We should not allow our community health-care facilities and personnel to fail to efficiently prevent or heal diseases and save lives.

The sacrifices and hard work of our local entrepreneurs and community businesses cannot be frustrated by the country’s on-going power crisis.

Nor can the country’s employees and taxpayers work under very tough conditions because there perpetually is load shedding.

South Africa belongs to citizens who are creative.

They can compete meaningfully in all sectors anywhere else in this world because they possess the Madiba Magic.

Their distasteful past has taught them to work hard to make South Africa a country of great prospects.

However, it is unfathomable that most of the country’s youth are not in any education, employment and training. It is disappointing that most males who are of working age are in prison not because like Mandela, they are fighting for freedom.

They are there because they raped, robbed, abused and murdered.

They are there because they are fighting with the impact of a society that is not what it should be.

As the world celebrates Mandela Day, it is clear that it has a dire need to create an Economic Legacy.

At the heart of this legacy should be inclusive growth which will also be felt in our most disadvantaged communities.

This legacy must ensure that a child born on the 18th of July 2022 in any impoverished community, will have a decent home to grow up in, a warm meal everyday and safe and sufficient amenities that will aid his/her growth and development.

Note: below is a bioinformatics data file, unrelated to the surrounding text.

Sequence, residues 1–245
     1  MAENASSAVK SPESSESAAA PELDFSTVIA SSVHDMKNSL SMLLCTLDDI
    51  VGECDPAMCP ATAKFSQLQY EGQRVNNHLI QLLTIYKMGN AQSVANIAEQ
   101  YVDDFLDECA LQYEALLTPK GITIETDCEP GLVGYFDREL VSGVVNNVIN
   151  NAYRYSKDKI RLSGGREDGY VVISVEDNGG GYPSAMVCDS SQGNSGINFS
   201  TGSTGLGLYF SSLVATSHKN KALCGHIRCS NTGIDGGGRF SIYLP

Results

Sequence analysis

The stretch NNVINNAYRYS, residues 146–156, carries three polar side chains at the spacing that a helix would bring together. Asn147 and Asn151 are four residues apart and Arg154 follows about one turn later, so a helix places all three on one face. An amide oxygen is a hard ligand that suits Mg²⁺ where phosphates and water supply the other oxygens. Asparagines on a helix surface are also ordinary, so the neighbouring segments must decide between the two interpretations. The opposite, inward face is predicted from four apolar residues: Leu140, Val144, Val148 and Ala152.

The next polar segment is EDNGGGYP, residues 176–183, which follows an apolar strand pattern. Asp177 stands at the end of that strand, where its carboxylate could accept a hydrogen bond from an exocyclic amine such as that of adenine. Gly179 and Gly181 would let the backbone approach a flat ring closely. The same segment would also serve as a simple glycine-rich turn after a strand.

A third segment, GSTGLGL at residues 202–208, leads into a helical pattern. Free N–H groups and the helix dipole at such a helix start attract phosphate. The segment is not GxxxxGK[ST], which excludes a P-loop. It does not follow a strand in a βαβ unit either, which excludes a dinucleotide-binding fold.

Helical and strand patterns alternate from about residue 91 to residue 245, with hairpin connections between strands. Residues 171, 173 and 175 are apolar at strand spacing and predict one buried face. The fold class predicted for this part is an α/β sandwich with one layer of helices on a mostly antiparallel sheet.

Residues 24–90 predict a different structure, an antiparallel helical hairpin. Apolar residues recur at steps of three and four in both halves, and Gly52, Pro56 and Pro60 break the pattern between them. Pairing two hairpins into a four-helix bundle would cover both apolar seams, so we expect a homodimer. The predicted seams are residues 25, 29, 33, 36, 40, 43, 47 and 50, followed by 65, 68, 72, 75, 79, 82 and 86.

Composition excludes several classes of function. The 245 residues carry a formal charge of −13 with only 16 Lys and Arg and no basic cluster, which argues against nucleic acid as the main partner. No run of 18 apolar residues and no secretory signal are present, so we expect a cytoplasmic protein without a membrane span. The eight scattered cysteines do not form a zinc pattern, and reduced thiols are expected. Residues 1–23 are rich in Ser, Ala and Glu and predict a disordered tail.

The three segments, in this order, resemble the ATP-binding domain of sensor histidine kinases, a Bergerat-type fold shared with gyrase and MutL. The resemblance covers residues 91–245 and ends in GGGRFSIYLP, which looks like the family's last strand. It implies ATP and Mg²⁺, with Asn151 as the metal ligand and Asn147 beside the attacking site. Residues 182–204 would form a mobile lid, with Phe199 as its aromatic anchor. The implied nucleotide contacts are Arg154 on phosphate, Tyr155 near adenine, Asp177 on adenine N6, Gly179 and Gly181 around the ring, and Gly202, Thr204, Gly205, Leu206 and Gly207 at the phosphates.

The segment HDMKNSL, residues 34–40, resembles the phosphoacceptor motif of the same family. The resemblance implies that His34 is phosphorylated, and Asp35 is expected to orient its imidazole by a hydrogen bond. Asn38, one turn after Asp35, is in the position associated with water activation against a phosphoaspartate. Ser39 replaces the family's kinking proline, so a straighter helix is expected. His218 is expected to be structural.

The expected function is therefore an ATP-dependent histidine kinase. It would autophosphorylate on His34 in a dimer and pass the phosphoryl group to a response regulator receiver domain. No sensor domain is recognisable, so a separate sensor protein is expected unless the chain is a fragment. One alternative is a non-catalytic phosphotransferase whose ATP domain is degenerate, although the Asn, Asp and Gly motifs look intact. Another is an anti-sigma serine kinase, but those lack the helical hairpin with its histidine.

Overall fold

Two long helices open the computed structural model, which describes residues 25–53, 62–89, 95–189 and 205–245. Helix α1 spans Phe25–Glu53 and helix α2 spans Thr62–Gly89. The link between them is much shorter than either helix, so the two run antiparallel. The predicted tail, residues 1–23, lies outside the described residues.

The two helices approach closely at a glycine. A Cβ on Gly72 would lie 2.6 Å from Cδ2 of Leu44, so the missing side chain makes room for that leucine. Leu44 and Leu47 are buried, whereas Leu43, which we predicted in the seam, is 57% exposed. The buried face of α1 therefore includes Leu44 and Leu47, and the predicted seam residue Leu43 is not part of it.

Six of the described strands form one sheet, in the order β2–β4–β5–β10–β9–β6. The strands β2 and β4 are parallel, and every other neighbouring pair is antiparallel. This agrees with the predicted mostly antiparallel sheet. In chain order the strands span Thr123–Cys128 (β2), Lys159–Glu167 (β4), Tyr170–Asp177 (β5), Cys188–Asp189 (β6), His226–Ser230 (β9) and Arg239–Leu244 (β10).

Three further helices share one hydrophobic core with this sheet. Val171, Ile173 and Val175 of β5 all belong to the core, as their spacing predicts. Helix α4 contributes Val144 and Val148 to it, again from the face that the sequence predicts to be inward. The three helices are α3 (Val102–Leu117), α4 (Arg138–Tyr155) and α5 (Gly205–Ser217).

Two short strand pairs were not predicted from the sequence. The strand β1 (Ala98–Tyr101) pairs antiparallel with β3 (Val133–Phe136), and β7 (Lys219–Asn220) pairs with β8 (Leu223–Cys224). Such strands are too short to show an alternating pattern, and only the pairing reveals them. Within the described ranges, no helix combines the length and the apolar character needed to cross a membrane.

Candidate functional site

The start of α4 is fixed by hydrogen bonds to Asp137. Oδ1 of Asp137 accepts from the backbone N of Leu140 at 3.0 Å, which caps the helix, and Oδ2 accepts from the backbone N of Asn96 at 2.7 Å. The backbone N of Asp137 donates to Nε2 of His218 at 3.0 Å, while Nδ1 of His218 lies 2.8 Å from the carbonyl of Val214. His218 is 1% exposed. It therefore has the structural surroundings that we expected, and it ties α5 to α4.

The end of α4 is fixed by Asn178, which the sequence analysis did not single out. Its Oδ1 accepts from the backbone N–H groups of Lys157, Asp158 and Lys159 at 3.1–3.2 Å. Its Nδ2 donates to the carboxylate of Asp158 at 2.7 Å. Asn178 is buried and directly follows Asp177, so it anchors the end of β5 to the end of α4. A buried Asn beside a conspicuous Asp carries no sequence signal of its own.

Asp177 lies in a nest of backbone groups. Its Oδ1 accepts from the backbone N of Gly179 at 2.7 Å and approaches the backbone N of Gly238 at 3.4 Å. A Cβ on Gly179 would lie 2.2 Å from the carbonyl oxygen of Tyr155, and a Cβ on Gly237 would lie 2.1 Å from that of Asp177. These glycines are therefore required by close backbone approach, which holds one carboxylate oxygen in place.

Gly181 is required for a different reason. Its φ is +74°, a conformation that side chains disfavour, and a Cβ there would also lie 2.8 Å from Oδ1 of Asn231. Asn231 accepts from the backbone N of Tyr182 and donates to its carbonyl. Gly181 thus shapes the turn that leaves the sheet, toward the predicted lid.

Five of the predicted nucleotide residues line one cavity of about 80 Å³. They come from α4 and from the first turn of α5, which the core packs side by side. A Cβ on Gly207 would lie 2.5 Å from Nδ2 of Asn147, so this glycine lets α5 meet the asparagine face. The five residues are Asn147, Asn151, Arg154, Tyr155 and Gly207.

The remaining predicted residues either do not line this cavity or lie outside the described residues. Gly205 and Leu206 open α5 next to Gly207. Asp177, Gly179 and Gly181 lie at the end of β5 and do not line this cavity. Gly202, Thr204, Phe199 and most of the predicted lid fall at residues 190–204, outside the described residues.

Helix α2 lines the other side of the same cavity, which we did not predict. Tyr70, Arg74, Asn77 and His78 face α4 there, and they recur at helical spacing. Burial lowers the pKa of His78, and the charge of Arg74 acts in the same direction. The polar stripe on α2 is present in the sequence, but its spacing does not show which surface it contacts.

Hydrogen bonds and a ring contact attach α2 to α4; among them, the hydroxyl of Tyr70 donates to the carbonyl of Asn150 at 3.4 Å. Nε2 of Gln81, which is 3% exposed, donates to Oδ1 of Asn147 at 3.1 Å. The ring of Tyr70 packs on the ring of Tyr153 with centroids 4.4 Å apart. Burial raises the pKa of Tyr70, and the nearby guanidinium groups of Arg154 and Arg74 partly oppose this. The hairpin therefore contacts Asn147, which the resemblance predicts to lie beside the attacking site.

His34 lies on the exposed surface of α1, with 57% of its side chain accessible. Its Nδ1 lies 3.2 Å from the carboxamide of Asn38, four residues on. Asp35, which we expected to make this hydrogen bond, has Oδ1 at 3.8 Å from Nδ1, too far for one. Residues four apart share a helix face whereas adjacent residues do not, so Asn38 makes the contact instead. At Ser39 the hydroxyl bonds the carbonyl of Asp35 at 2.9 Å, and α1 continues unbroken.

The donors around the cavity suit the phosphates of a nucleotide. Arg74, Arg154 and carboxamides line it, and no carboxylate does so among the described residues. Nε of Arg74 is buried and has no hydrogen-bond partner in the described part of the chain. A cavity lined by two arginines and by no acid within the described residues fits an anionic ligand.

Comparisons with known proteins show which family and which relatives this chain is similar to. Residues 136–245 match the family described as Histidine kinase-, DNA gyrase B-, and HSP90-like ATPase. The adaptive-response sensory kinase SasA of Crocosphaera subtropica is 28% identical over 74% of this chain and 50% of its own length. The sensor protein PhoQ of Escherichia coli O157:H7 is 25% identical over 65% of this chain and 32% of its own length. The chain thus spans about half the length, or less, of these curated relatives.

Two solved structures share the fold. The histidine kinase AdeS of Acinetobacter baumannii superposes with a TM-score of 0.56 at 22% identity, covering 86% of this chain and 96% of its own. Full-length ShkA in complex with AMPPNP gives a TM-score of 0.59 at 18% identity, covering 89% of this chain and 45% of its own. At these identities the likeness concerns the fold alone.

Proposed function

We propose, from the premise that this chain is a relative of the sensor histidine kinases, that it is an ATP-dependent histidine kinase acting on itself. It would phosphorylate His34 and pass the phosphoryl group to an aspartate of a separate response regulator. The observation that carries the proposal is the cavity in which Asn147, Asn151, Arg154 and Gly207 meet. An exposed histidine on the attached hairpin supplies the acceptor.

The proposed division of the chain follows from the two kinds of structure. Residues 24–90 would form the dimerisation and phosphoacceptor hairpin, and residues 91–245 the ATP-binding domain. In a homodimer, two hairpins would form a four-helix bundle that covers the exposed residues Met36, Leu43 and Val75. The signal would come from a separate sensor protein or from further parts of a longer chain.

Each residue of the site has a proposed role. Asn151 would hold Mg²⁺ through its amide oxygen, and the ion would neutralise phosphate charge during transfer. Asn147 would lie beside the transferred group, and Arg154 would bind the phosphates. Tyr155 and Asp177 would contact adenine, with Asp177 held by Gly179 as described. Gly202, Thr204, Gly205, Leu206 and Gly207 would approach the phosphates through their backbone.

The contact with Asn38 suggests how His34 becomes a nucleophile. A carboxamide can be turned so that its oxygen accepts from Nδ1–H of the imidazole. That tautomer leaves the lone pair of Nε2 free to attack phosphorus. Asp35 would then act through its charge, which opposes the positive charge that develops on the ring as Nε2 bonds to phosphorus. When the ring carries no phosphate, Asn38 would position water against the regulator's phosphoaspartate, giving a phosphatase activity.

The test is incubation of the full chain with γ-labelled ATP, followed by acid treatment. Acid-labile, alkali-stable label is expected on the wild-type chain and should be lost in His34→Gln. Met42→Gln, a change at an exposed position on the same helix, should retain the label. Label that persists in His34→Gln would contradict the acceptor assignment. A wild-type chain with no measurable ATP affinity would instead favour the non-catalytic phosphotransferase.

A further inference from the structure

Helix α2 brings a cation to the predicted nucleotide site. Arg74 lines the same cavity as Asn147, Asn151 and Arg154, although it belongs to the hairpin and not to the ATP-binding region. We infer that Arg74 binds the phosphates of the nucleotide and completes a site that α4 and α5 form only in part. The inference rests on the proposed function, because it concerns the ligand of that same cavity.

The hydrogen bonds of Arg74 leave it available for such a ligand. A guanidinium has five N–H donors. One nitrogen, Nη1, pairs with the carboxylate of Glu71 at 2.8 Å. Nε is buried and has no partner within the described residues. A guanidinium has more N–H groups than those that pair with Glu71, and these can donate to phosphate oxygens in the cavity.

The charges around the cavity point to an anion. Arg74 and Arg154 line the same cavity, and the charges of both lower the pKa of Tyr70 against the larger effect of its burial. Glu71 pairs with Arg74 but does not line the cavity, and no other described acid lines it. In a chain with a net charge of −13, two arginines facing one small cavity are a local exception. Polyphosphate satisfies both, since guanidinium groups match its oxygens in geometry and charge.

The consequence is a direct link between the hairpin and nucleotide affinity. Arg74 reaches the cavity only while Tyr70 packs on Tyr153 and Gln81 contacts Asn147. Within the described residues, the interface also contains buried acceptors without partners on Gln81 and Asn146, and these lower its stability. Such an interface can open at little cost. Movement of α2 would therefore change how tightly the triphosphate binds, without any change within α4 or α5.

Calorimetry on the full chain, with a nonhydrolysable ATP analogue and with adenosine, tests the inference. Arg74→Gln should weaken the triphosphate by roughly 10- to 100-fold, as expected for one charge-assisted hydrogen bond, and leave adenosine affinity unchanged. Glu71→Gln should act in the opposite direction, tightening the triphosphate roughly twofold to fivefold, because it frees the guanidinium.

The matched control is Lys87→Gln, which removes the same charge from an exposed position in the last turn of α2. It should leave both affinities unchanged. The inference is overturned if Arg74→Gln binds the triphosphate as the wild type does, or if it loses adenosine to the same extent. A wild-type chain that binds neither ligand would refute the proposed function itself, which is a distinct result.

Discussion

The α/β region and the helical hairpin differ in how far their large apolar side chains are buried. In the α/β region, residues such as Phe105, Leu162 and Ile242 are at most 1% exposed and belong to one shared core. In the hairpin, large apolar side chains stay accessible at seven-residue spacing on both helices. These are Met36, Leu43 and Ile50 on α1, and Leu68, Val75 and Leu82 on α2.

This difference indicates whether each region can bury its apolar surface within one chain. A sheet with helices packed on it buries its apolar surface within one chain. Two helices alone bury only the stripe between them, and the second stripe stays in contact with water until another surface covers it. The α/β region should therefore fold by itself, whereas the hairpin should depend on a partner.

South Africa needs to do the work that will ensure that when this child reaches 18 in 2040, their future is indeed promising.

Madiba and his colleagues have fought hard to lay the foundations for this much needed Economic Legacy. Many other South Africans work hard generally under very difficult conditions to try to make their own contribution in that regard.

Building the Economic Legacies of our own communities is the duty of every community member regardless of their position or conviction.

It starts with not only protecting ourselves but also those who cannot protect themselves.

It lies in businesses not exploiting its workers and consumers to go through the current economic storm.

This legacy depends on politicians who arrest their own greed and public officials who do not steal from the taxpayers and communities.

As we await the return of our very own Lalela Mswane, the reigning Miss Supranational to the country and communities, we should not do so to suck her and many others to an economically condemned environment.

The start of building an Economic Legacy that a child born today will be ensuring that the next time Mswane sets her foot at her home village of KwaSokhulu or tour other similar areas throughout the country, she does not step on dry ground but rather construction sites of schools, libraries, roads and all amenities that will turn our communities into an Economic Promise Land.

May when the local womens’ football club-Banyana Banyana that recently qualified for the 2023 Fifa World Cup in New Zealand and Australia, not return to receive bonuses that they cannot spend in their own communities that lack many fine things enjoyed by their counterparts in the developed countries.

May the legacies of our modern day stars fuse with that of the iconic Madiba.

Where they do, our communities will experience the Mzansi Magic that allows our economy to thrive meaningfully and be enjoyed by all in the next decades.


Original Article